It’s no secret that gas prices significantly impact the economy, discretionary spending and stock market prices. Gas prices were at record highs following an incredible run-up over the summer and have declined steadily until recently, as represented by the United States Gasoline Fund (UGA). Treasury yields have fallen, the dollar has softened, and oil has risen recently as OPEC+ announced it was contemplating cutting output by as much as 2 million barrels per day. These combined moves caused UNG, a U.S. gasoline ETF, to rise almost 10% over the last five trading days.
As traders speculate on a less hawkish Fed, stocks and oil continue to rebound sharply. While higher gasoline prices are good news for oil producers, they are an ominous sign for the global economy and the stock market. Gasoline prices have moderated until very recently in the U.S. partially due to less global demand. The White House also released Strategic Petroleum Reserves to subsidize costs.
The U.S. Gasoline Fund started the session in a bearish phase, then gapped higher, transitioning to an accumulation phase. That represents the first signs that the steady price decline of gasoline might be over. The price of UGA ticked up to 59.57 recently and crossed over the 50-day moving average and the 200-day moving average. Depending on the slope of the continued move, a transition to an accumulation phase presents profitable trading opportunities.
The war in Ukraine seems to be escalating, and the recent price gains in UGA could signal a new uptrend. As an investor, you should pay close attention. This accumulation phase can represent a significant potential market shift.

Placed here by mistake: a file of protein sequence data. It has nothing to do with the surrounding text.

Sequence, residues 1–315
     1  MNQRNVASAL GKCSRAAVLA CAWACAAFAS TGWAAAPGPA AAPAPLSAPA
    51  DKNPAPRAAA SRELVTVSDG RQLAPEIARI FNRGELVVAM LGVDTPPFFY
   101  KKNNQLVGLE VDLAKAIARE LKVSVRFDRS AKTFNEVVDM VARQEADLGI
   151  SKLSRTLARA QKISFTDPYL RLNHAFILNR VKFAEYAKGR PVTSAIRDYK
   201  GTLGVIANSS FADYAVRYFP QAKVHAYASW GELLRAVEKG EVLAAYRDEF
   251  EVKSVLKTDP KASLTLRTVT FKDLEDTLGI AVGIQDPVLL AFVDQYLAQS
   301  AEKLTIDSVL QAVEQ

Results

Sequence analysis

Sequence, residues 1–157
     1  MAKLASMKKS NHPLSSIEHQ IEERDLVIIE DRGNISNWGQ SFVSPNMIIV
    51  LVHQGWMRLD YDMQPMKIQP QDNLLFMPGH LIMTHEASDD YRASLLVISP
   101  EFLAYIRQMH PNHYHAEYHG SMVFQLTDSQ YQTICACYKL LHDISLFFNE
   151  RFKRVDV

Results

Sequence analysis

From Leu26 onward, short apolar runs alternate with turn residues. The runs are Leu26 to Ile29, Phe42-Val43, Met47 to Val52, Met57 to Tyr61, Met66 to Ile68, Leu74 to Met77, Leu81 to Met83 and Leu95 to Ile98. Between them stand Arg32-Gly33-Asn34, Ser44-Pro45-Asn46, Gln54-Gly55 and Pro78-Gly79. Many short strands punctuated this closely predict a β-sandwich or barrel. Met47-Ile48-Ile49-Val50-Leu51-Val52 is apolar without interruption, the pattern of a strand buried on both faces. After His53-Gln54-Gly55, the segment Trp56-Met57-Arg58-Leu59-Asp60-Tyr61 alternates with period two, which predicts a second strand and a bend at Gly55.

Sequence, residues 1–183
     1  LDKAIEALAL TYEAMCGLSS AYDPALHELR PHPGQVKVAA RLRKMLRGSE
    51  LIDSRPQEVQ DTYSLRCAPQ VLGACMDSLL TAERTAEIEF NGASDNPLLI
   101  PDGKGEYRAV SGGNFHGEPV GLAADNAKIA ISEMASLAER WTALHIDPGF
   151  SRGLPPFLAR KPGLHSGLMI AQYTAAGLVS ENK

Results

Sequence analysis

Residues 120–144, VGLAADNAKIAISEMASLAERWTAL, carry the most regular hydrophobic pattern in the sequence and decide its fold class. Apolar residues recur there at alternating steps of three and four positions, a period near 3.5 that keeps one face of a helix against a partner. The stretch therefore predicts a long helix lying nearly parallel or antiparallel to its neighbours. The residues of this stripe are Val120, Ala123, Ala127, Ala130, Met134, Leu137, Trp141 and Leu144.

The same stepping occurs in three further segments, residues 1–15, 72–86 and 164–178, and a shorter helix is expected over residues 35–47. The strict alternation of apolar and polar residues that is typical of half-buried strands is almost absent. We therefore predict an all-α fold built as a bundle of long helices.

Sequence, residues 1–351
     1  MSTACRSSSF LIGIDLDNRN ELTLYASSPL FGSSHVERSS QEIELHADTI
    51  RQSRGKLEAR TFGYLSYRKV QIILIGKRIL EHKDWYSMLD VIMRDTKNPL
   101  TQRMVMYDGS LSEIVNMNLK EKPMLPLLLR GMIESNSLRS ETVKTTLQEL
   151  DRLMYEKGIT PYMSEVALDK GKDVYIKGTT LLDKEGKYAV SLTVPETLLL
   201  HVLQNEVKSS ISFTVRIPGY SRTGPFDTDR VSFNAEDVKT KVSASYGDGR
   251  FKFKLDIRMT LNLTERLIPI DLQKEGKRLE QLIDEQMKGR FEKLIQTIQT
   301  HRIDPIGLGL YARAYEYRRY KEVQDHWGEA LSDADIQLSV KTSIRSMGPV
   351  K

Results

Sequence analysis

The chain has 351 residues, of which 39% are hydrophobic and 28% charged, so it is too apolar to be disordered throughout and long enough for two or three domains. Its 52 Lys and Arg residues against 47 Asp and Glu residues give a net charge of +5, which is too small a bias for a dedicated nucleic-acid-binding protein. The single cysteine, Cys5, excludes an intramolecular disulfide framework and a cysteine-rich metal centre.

Central banks are also keeping a close eye on the situation because a steep increase in gas prices could lead to global stagflation. All of this can eventually lead to a decline in stock prices. So, keep an eye on high gasoline prices, which could be bad news for stocks.
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Mish talks hedges and stock picks under the current environment in this appearance on BNN Bloomberg.
Mish says yes to Palantir, no to Bed, Bath and Beyond in this appearance on CNBC Asia.
Mish talks about a few of her picks, going short and why metals are in focus in this appearance on TD Ameritrade.
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Mish and Neil Cavuto discuss Central Bank credibility, US policy and more inflation to come on Fox Business’s Coast to Coast. Unless this is a spectacular bottom, preserving cash is smart.
Read Mish’s latest article for CMC Markets, titled “When to Put Cash Back to Work“.
Mish talks about key averages, yields and commodities on this appearance on Bloomberg TV.
S&P 500 (SPY): 370 support, 380 resistance.
Russell 2000 (IWM): 173 support, 176 resistance.
Dow (DIA): 297 support, 303 resistance.
Nasdaq (QQQ): 279 support, 283 resistance.
KRE (Regional Banks): 61.40 support, 64.00 resistance.
SMH (Semiconductors): 194 support, 200-201 resistance.
IYT (Transportation): 206 support, 212 resistance.
IBB (Biotechnology): 121.00 support, 124.25 resistance.
XRT (Retail): 58.70 support, 62.75 resistance.
Director of Trading Research and Education